Speaking of things that are magical, every time I try to explain “The Librarian” to somebody, as soon as I mention Bob Newhart they’re like “Oh! Okay.” They get that it’s something special. How do you keep bringing in people like Newhart and Jane Curtin and John Larroquette, who change minds? 

They’re the gift that keeps on giving. It’s easy to forget how amazing these guys are. All three of them could read the phonebook and have you on the floor laughing. I mean, they’re absolutely remarkable talents. I remember it was actually Michael Wright’s idea to go after Bob Newhart for the first movie and I remember thinking oh, we’ll never get Bob. And after he agreed to do it, it was just an incredible thing, to have this comic legend on our set. I remember we were shooting the very first scene with Noah Wyle and Bob. Noah was nervous to perform with him. He was so excited to be on the same screen with him.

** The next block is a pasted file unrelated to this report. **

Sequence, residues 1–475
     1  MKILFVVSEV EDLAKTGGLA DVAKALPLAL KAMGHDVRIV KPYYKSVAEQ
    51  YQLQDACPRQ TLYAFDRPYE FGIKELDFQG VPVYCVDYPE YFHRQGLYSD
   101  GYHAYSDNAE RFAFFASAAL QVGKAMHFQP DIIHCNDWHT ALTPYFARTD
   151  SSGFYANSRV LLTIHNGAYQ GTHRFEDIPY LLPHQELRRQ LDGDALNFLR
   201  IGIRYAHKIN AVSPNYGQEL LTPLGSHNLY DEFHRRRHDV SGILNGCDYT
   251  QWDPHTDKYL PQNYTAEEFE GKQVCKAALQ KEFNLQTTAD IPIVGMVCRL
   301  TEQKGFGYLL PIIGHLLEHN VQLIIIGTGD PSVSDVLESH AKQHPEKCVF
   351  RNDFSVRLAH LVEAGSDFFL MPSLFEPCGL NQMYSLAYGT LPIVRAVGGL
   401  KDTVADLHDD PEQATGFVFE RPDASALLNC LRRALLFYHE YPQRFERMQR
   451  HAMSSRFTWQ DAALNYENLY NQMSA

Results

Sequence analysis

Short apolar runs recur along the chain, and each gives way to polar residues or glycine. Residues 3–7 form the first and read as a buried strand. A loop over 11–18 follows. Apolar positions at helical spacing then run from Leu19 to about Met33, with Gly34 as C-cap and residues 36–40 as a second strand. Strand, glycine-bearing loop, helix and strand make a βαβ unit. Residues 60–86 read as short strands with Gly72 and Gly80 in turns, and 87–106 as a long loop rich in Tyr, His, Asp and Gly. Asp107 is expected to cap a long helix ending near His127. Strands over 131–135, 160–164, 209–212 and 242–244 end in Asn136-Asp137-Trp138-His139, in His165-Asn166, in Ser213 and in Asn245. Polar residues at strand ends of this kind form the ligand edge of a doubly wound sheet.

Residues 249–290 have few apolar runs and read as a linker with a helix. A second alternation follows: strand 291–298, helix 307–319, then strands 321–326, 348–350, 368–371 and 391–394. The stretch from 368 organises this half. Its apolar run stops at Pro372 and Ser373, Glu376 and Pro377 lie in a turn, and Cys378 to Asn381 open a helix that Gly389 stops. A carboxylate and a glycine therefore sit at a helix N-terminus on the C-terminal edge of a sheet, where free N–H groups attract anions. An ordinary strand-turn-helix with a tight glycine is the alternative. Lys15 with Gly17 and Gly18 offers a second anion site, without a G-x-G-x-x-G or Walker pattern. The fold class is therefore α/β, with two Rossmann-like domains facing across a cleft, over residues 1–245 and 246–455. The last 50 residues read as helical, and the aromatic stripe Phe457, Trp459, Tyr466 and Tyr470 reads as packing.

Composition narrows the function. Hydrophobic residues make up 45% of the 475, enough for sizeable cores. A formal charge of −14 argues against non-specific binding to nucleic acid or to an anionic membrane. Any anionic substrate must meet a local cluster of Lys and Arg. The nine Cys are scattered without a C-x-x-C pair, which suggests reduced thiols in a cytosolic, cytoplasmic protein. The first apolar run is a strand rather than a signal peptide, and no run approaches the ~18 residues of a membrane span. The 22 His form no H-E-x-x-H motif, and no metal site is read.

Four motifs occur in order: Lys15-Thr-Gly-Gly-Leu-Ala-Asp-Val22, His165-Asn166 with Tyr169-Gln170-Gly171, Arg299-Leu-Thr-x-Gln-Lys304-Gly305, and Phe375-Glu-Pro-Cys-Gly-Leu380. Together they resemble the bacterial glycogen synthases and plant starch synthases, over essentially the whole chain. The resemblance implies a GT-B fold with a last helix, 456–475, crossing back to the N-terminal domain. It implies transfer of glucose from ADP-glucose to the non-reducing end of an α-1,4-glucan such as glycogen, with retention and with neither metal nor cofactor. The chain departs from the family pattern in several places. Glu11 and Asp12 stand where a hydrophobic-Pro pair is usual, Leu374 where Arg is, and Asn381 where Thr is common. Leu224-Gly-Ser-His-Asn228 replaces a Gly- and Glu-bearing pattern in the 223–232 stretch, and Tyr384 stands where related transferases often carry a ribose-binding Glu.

Why do you think Newhart got involved, aside from just liking the project?

I think somehow we must have had some Polaroids on some of these actors. I mean somehow we must have blackmailed them. [Laughs.] I can’t understand how we got them, but we did. John Larroquette in this series is so awesome. I honestly think it’s the best I’ve ever seen him. I would literally be at home watching dailies and he would keep improv-ing this amazing stuff into the show. Not just comedy — he really finds ways to make things touching and moving and he went for it. That’s the thing about these three. They’re not bought and paid for. They clearly do what they want to do. When they do the stuff they want to do, they do it with an energy and creative force that really only that many years of experience can bring.